That lends corruption lighter wings to fly,
as certain also of our own
poets have said.
Cities become the best machines
for generating capital, as it's called.
Look at them from the air at night,
the twinkling tentacles suckering
a wounded earth -
but in the daylight see the smudge
from which their twinkling comes,
then notice how the great lakes
and power stations in the desert lands
and in the mountains have become
their slaves, the clean air turned
to power and the sparkling lakes and rivers sending
pure heat and light into the heart
of great squared-off deserts of glass
and asphalt where the money's made.
What happens when the lines have all been drawn?
The cities die and rot from inside out,
the weeds come up through asphalt cracks,
blue chicory flowers grow across the sidewalks.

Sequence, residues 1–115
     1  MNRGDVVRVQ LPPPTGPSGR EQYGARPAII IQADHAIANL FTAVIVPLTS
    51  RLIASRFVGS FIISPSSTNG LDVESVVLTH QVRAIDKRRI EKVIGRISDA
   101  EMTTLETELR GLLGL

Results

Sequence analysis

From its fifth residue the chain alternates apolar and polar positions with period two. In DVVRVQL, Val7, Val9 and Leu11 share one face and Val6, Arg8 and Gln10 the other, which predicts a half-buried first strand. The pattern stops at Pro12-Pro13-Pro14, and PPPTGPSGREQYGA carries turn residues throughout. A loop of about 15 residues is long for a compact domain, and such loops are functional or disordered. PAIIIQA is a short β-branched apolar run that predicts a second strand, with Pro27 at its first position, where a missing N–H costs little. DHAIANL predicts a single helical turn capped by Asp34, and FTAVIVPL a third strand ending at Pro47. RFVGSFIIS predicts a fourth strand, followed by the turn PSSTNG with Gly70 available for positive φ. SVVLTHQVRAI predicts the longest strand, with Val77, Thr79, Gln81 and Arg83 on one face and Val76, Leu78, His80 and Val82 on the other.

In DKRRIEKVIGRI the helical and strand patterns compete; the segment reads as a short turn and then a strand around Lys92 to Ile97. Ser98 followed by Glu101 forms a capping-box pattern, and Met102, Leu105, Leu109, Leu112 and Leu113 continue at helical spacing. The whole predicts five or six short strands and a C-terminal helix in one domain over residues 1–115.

Bulldozers let them be: they're scraping clear
another Garden, toppling
old Trees of Life and Knowledge to plant
a Walmart where the shelves will hold
pulp mysteries and romances, exotic
apples and rattlesnake meat in plastic bags.

Thursday 16 October 2008

Election News: Final Presidential Debate

Any conclusions? Perhaps. The New York Times calls John McCain "angry and desparate", Obama's lead grows, and Joe the Plumber becomes an insta-celebrity.

Wednesday 15 October 2008

News: THE Profiles Academic Blogging

As if proof were needed that AMS was ahead of the curve when it came to all things blog-based, Times Higher Education has just published an article about the state of blogging in UK academia. It has some interesting things to say, and a compelling list of academic blogs. The field is developing in fascinating ways. Here's a snippet:

Although they are still lagging behind their colleagues in the US, British academics are slowly but surely moving into the blogosphere. The appeal of academic feedback, as well as the opportunity for public engagement and the potential for enhancing reputations, has those who blog hooked.